Gold Miners Are Not a Substitute for Gold ETFs

As gold prices strengthened this year, many investors turned to the undervalued gold miners segment to capture the strong returns.

However, gold exchange traded fund investors should keep in mind that gold mining stocks are no substitute for the hard asset.

“Year-to-date gold mining stocks have surged, with the Philadelphia Stock Exchange Gold & Silver Index up over 110% as of September 23rd, setting off a new ‘gold rush’ in the eyes of investors,” Maxwell Gold, Director of Investment Strategy for ETF Securities, said in a note. “From their perspective holding gold mining equities is the same as (if not better than) an investment in gold itself. This, however, is a misconception and overlooks many deficiencies in holding gold miners as a proxy for gold within portfolio allocations.”

When gaining exposure to gold, investors should consider gold miners as a distinct category set aside from physical gold allocations within a diversified investment portfolio to maximize gold bullion’s investment and risk management characteristics.

Since gold miners depend on industry competition and specific management factors beyond the price of physical gold, producer stock prices may be affected by additional factors outside of the precious metal. Specifically, miner valuations are dependent on profitability, operational costs, financial health and other specific risks. Moreover, miners may also engage in activities that limit shareholder participation in gold, such as gold hedging, cost cutting measures, high debt financing, mergers and acquisitions, and dividend cuts.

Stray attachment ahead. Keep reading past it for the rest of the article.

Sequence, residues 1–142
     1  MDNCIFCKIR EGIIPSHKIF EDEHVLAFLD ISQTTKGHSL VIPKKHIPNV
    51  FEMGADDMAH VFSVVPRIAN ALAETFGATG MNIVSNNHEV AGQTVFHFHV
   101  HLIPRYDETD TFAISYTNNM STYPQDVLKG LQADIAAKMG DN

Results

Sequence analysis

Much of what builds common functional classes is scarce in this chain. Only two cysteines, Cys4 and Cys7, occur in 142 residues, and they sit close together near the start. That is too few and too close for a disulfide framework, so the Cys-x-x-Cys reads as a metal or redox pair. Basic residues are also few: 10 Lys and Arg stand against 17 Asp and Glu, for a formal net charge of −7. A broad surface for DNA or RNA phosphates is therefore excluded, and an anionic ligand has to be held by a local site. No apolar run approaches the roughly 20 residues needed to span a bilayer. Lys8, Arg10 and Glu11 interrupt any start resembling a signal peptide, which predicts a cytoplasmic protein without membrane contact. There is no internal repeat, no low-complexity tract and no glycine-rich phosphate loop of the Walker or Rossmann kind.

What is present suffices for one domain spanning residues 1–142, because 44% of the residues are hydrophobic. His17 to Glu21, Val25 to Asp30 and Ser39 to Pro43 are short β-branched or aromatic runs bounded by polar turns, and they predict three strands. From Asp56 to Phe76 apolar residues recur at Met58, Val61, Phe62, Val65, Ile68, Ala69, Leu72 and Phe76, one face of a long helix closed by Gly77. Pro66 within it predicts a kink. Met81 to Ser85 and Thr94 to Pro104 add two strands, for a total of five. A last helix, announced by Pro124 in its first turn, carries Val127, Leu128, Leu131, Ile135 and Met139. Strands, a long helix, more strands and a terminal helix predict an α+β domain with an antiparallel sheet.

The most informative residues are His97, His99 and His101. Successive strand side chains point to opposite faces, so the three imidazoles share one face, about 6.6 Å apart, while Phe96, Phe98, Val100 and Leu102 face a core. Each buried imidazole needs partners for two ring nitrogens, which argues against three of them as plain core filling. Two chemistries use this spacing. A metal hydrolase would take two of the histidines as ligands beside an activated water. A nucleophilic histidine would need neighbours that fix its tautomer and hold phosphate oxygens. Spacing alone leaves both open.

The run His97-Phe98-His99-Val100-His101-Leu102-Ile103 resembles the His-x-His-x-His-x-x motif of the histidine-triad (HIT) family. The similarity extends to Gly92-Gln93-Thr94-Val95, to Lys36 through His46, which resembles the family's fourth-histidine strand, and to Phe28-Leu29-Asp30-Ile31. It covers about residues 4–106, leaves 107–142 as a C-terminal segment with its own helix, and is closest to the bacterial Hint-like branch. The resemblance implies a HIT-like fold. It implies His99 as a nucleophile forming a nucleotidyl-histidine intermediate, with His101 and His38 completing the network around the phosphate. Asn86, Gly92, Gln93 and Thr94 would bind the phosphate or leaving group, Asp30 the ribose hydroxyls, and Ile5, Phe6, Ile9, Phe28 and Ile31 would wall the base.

These company specific factors that may weigh on mining stocks are especially noticeable during broad market sell-offs when we see a clear divergence between equities and traditional hedges like gold bullion. Gold explained that gold miners underperform gold on average during periods of large stock market drawdowns.

Physical gold has shown an average return of 7% during market drawdowns of more than 10% in the S&P 500 since 1987. In contrast, the Philadelphia Stock Exchange Gold & Silver Index on average posted a total return of -7.2%, offering limited downside protection against an average -21.1% drop in US equities.

“It appears that gold miners have not acted as effective risk hedges in most periods compared to gold over three decades,” Gold. “During these market periods, gold miners have behaved more in line with equities and lacking gold’s historic downside protection qualities.”